• Urvashi Chakravarty, “Race, Reproduction, and White Womanhood in Paradise Lost”
  • Ross Lerner, “Some Fatal Curse: Milton’s Michael on Penal Slavery”
  • Reginald Wilburn, “Telling [Sojourner] Truth(s) About Frances Gage’s Miltonic Eve”

Calls for Papers, Proposals, Applications 

Call for Papers: The 2022 Conference on John Milton, June 20-22, 2022. St. Louis, Missouri

Papers (not to exceed twenty minutes reading time) are invited on any aspect of Milton studies, from close readings of particular works to broader investigations of themes and trends. The conference will be held on the campus of Saint Louis University, in conjunction with the Symposium on Medieval and Renaissance Studies.

Please submit 250-word abstract, along with a brief academic biography to the SLU Symposium website. Proposals for sessions and round-table discussions are also welcome. Deadline for submissions: December 31, 2021.

Featured speakers: Feisal Mohamed, Yale University; Steven Zwicker, Washington University, St. Louis. Featured event: The John Geraghty Symposium on “Milton and Difference: Race, Gender, and Power”

Sponsored by Saint Louis University and Southern Illinois University, Carbondale.

For more information, please contact Sara van den Berg (, Jonathan Sawday (, or Ryan Netzley (

Unexpected Milton Sightings

1. Dave Harper has passed along the following email with an unexpected Miltonic allusion:

Sent: Monday, June 14, 2021 4:02 PM
Subject: A Message from the Commander-in-Chief to the US Army



June 14, 2021

As Commander in Chief to the greatest fighting force the world has ever known, it is my honor to wish the United States Army a happy 246th birthday.

In each generation, from the earliest days of our Nation to today, a small fraction of Americans has served and sacrificed as members of the U.S. Army on behalf of all of us. From Fort McHenry to San Juan Hill, from the Argonne Forest to Omaha Beach, from the Mekong Delta to the Kunar Valley and beyond, American soldiers have always answered the call. With immeasurable courage and patriotism, they have preserved our freedom and protected our democracy against all manner of threats. Whether facing down seen and unseen enemies to keep us safe, helping Americans get vaccinated here at home, or delivering humanitarian relief on distant shores, they represent the very best of us.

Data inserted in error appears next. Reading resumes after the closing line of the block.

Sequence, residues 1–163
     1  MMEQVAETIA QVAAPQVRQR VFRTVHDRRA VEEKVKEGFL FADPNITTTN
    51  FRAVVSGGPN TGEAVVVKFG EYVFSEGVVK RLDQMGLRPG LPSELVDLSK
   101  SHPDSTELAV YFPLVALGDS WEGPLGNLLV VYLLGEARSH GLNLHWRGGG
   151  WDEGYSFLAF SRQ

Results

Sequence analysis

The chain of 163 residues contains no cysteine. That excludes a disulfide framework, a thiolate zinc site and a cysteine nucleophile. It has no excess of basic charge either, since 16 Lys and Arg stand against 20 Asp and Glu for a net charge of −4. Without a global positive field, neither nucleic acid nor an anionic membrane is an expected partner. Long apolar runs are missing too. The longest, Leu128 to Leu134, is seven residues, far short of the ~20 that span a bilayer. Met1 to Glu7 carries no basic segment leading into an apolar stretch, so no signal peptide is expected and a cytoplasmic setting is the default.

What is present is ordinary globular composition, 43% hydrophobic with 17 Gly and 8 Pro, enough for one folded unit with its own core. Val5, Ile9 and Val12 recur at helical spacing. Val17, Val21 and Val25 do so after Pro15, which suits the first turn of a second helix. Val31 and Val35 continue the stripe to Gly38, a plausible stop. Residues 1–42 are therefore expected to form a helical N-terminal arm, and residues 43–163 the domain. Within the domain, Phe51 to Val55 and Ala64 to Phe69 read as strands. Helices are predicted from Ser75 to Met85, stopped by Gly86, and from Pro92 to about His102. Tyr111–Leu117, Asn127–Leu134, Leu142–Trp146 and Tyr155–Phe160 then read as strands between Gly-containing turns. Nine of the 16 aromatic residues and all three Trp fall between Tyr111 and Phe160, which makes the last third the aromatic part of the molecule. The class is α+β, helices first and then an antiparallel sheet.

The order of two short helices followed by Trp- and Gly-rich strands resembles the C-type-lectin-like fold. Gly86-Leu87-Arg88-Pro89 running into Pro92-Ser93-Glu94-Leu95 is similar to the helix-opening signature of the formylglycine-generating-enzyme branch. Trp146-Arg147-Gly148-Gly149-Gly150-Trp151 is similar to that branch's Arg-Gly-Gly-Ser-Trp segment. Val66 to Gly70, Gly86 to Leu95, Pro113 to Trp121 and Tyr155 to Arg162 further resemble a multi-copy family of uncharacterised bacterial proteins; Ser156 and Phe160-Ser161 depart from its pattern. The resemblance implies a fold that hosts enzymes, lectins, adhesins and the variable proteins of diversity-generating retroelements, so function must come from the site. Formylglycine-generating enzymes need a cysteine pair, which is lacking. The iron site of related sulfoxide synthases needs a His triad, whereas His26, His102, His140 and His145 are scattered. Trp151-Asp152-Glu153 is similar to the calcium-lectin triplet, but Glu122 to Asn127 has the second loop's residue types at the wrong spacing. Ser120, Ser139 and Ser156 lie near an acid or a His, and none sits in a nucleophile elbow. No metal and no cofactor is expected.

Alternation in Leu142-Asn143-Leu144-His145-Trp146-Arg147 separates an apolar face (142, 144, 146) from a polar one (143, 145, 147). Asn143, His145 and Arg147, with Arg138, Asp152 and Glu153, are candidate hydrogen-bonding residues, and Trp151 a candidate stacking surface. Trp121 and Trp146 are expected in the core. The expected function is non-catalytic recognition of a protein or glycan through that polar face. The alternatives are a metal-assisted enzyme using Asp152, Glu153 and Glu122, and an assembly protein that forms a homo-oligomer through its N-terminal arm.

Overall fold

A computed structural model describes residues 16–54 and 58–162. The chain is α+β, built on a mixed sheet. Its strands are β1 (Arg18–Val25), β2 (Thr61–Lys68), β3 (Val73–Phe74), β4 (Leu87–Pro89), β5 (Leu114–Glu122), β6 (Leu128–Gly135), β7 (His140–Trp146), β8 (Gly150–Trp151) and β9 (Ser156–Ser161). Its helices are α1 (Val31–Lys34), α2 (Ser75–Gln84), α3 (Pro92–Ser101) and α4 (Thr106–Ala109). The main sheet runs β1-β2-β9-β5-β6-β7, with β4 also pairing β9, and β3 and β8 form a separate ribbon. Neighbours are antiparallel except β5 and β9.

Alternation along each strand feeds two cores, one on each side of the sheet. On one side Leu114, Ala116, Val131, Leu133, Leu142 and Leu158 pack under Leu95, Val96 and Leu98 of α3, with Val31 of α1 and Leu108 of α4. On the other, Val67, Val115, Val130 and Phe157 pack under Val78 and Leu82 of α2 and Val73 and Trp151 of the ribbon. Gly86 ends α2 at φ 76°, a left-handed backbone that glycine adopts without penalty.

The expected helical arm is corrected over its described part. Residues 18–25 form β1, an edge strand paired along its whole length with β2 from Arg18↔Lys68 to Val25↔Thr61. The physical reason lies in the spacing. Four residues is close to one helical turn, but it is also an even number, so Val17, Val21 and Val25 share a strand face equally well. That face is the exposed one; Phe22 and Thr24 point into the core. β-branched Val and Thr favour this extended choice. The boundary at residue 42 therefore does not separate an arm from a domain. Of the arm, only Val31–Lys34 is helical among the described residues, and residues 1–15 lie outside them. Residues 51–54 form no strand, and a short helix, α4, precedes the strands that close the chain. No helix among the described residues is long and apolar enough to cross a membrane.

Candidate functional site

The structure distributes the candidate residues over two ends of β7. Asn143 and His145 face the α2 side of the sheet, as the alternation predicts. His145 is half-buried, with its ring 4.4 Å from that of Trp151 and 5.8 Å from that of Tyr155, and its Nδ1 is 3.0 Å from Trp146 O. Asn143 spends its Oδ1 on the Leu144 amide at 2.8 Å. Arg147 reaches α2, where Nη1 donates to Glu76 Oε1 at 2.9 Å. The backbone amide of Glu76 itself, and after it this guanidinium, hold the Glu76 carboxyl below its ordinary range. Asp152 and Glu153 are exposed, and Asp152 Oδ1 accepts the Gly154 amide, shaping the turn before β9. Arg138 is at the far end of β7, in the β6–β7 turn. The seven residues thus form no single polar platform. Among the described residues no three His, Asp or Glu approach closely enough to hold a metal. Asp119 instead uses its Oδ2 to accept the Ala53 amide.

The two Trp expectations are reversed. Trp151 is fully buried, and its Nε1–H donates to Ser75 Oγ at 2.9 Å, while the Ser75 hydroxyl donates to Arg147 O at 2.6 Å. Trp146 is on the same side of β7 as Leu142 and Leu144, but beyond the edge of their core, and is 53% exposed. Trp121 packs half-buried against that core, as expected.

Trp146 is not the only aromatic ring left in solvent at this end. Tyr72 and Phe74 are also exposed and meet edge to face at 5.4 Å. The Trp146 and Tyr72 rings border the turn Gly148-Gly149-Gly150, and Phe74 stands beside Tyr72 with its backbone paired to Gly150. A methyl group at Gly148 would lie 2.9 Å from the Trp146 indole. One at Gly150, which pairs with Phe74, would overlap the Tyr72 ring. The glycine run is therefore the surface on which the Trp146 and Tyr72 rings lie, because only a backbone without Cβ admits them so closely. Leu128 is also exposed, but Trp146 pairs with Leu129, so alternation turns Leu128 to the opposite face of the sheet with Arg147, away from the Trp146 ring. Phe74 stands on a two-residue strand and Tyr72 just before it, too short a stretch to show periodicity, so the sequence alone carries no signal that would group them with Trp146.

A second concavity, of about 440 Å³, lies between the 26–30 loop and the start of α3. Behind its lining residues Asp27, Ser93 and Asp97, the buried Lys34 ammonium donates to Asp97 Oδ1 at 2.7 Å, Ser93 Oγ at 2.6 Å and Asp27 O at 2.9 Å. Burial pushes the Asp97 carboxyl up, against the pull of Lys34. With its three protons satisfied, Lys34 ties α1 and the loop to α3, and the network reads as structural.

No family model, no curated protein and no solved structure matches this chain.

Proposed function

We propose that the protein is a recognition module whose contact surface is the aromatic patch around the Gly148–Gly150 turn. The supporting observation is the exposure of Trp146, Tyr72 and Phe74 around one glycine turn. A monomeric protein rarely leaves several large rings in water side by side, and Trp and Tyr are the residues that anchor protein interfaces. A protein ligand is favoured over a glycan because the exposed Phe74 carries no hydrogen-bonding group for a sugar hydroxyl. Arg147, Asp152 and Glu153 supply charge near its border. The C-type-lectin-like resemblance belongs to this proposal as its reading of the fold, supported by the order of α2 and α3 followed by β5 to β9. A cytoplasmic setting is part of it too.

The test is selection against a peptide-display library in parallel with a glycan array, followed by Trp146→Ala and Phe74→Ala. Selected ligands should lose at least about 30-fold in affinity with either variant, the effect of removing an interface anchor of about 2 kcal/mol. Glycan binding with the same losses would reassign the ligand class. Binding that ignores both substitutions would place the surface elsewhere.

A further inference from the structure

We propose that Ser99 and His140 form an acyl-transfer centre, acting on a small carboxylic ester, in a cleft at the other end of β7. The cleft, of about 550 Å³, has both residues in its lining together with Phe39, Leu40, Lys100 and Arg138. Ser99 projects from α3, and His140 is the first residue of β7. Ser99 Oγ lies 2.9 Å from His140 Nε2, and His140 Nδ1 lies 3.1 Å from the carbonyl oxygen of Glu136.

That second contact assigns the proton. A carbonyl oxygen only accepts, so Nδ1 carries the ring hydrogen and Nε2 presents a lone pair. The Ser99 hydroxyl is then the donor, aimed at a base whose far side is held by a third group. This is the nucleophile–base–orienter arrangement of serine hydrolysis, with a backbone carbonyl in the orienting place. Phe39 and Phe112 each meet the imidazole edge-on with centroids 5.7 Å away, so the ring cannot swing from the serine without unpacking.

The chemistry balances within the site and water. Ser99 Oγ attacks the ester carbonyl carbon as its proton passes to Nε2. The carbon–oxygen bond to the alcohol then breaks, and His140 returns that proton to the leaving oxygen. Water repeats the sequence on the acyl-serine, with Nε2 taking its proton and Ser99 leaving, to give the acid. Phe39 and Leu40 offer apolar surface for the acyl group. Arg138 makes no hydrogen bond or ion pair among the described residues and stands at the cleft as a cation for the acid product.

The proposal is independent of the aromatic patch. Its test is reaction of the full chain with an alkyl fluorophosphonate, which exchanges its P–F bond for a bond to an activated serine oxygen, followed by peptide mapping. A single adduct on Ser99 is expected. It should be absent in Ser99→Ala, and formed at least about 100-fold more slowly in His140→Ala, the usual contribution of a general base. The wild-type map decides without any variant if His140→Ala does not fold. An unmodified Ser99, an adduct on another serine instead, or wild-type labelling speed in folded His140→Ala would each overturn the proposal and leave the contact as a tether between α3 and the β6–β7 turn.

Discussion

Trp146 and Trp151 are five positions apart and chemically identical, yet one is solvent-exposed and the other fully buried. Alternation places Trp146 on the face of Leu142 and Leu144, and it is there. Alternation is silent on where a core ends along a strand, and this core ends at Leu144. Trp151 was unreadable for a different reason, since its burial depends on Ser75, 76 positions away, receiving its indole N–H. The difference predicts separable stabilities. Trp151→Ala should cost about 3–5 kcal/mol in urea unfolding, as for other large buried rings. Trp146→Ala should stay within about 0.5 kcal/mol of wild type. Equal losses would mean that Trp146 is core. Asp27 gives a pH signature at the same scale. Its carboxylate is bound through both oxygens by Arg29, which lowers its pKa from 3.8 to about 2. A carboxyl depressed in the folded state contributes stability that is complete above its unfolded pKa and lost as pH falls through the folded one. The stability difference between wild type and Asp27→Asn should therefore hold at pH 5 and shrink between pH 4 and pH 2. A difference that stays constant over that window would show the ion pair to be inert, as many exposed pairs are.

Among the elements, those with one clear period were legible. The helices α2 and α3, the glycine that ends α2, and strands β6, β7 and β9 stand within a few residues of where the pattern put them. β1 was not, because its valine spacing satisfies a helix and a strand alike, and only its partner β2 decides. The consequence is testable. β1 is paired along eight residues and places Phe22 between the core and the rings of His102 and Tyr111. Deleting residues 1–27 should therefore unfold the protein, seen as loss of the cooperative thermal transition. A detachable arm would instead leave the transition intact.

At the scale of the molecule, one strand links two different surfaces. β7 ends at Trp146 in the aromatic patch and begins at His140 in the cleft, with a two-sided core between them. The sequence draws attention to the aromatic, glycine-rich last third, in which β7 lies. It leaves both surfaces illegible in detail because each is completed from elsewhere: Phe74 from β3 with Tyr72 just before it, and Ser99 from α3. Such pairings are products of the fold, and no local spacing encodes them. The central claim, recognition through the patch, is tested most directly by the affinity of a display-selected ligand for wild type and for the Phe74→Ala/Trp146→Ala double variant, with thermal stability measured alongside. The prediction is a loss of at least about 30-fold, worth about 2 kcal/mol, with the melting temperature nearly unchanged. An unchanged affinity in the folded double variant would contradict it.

I believe that our country’s most sacred obligation is to do right by the men and women who defend our Nation at war–to care for them and their families, both while they are deployed and after they come home. It is an obligation we are honor-bound to keep and one that is personal to the First Lady and me. We have witnessed firsthand the incredible strength of character of U.S. Army soldiers over the course of many visits with troops, including in Bosnia and Herzegovina, Kosovo, Iraq, and Afghanistan. Through the years, we have been blessed to spend time with wounded Service members in Landstuhl, Germany, at the Brooke Army Medical Center in San Antonio, and elsewhere; to welcome veterans to our home for Thanksgiving dinners; and to spend many Christmas days alongside wounded warriors at Walter Reed. And when our son Beau served in Iraq as a Major in the Delaware Army National Guard, we learned firsthand just some of the sacrifices that our military families also make for their loved ones and our country. We whispered prayers and learned the truth of the poet John Milton’s words: “They also serve who only stand and wait.”

Our Nation owes a debt to American soldiers, past and present, far greater than we could ever repay. They are our heroes, deserving of our everlasting gratitude and support. On this 246th birthday of the United States Army, America speaks with one voice to say thank you to our soldiers for what you do and for who you are.  Happy birthday. And may God protect our troops.


Joseph R. Biden Jr.

2. Christopher Parkinson has discovered that this 2005 episode of the BBC literary quiz show, The Write Stuff, was dedicated to John Milton  


Until next time, friends—
Brooke (
MSA President